The Great Learning: 大学
One of the “Four Books” in Confucianism. The Great Learning had come from a chapter in the Classics of Rites which formed one of the Five Classics. It consists of a short main text attributed to the teachings of Confucius and then ten commentary chapters accredited to one of Confucius’ disciples, Zeng Zi who lived from 505-436 BC. The ideals of the book were supposedly by Confucius; however the text was written after his death.
The importance of this in Chinese culture is it put forward the teaching of Confucius as the primary learning tool in China and pushed Confucianism to the forefront. There has always been an undercurrent of how basic tenets of Chinese culture were to proceed. This effort to ensure Confucianism would be adopted was promulgated through adoption by the Emperor… saying all cities must have a Temple honoring Confucius during the Han Dynasty in 200 AD and the Confucius Classics becoming the core teaching of the State Examination System codified throughout China at that time.
While teaching in Qufu in 2012, my daughter Katie and I went to Jiaxiang , the city where Zeng Zi was from and went to his memorial with some of my students.
The “Four Books” were selected by the neo-Confucian Zhu Xi during the Song Dynasty as a foundational introduction to Confucianism and examinations for the state civil service in China.
Confucius, who incorporated ideas from Ji Dan, the Duke of Zhou and others, compiled and edited the Book Rites, Book of Documents, Classics of Poetry, the I Ching, and the Spring and Autumn Annals. Confucius’ student, Zeng Zi wrote the introduction and exposition of The Great Learning. Confucius taught 3000 pupils; of which 72 mastered the six arts as follows:
1) The Rites — The adherence to the ancestors and the ceremonies mark the passing of the seasons and the different stages of a man’s life. The rites are the backbone of society and are indispensable to the proper functioning of the world.
2) Music — The Rites are always associated with music, as the principle regulating the relations between men, and between men and the universe. Music and dance are considered to afford access to supreme beauty and to wisdom.
3) Writing — Like dance, writing reproduces the dynamic and the movement of the world. It is practiced in an atmosphere of contemplative withdrawal, using objects imbued with symbolism.
4) Mathematics — The science of numbers is the origin of exact measurement and of wealth and prosperity.
5) Chariot driving — The chariot has an important place in war, in hunting and in the parades that express the power of the nobles. (This was the period of the Zhou and Warring States Period of China).
6) Archery — Archery forms part of a man’s physical training and, as in the case of chariot driving, allows talent to be tested through competition.
The Confucius College of Qufu
Today, there is a school in Qufu called the Confucius College that I am very familiar with that teaches students who come from throughout China to study the above “arts of ancient China”. Qufu has always been the center of learning the ancient arts. Calligraphy and martial arts (which takes the place of chariot driving) are the most popular among students today.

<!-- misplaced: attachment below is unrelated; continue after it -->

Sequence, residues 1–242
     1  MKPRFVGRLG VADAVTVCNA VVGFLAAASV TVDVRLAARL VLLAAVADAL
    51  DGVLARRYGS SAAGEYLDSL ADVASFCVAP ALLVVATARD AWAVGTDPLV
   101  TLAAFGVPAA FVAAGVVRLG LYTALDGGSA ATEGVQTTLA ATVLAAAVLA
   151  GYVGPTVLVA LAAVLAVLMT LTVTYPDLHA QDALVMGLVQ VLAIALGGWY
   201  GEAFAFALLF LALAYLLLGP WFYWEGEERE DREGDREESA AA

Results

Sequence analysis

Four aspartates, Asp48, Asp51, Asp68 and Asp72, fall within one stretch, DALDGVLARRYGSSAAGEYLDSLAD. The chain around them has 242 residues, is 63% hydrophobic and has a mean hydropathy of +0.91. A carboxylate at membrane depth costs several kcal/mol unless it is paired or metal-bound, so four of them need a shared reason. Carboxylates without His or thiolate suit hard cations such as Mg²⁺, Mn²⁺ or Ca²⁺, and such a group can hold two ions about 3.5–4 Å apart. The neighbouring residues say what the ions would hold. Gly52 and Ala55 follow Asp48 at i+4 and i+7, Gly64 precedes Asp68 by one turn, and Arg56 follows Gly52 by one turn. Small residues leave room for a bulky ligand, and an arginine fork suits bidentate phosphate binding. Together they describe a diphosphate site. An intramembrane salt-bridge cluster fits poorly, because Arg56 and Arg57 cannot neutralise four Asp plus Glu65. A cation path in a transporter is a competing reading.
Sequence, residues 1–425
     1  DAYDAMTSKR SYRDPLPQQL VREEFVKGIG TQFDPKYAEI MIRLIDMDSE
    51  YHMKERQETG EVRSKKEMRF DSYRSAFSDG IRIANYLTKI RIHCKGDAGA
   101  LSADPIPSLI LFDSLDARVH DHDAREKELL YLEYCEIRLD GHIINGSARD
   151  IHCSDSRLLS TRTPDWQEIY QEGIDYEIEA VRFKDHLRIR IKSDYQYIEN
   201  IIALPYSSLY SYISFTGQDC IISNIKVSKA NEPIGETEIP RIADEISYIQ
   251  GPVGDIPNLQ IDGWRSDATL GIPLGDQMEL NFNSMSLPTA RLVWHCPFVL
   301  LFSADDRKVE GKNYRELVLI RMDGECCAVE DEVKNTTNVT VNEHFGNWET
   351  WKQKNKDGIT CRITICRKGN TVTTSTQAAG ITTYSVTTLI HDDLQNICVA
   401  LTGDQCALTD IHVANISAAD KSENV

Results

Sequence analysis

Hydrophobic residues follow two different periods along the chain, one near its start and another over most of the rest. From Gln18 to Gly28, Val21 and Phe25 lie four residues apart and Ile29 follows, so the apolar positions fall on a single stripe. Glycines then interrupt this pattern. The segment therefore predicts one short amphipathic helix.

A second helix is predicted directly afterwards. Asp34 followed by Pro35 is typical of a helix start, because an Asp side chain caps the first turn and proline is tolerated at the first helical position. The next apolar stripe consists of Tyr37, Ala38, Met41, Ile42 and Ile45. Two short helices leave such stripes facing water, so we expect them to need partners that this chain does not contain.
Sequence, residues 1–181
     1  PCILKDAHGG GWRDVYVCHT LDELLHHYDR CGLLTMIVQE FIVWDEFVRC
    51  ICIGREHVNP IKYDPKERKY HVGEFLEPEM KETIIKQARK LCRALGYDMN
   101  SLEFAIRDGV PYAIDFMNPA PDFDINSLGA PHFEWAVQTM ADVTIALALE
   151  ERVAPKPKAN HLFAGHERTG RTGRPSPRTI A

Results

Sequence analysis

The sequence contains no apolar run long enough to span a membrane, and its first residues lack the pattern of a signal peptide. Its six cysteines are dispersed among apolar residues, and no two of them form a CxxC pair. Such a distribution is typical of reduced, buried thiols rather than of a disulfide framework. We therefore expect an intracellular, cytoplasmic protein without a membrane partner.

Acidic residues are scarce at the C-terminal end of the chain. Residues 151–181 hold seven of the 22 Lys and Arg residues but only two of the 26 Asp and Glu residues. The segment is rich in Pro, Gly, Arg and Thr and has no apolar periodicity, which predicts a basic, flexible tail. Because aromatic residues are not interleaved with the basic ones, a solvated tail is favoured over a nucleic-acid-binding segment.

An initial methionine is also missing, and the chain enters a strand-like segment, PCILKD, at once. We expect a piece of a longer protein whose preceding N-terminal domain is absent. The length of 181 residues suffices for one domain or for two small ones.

The Sage in Chinese history
The following people are historically important in Chinese philosophical teachings and thought:
The Great Learning
The Great Learning developed from many authors adapting to the needs and beliefs of the community at the time. The Cheng brothers, Yi (1033–1107) and Hao (1032–1085) both utilized the Great Learning’s philosophies. Their ideas met with strong official opposition, but were reconstituted by Zhu Xi. Cheng’s idea of yi was that it was identical with nature, which he believed was essentially good. Cheng’s yi emphasized the necessity of acquiring knowledge. During the Southern Song Dynasty, Zhu Xi rearranged the Great Learning and included it in the Four Books, along with the Doctrine of the Mean , the Analects of Confucius and the Mencius. Zhu Xi developed the Cheng’s Confucian ideas and drew from Chan Buddhism and Taoism. He adapted some ideas from these competing religions into his form of Confucianism. Li Ao, a scholar, poet, and official, used and brought attention to the Great Learning. After the Song and Yuan Dynasties, The Great Learning became a required textbook in schools and a required reading for imperial examinations. The Dais divided the book into five sections. This included the Great Learning, the Doctrine of the Mean, the Evolution of Rites, the Yili, and the “Etiquette and Rites” .
There is a popular commentary by Han Yu and Li Ao who both used The Great Learning. Li Ao incorporated a lot of Buddhist and Taoist ideas into his work. Zi Si – Confucius’s grandson – is said to have taught Mencius and written the Doctrine of the Mean. He may also have written the beginning of the Great Learning. Ma Yung edited the Great Learning in the Han dynasty giving his views of the general meaning.
Principal teachings of the Great Learning
- Achieving a state of balance and refining one’s moral self such that it is a reflection of the Way of Tao.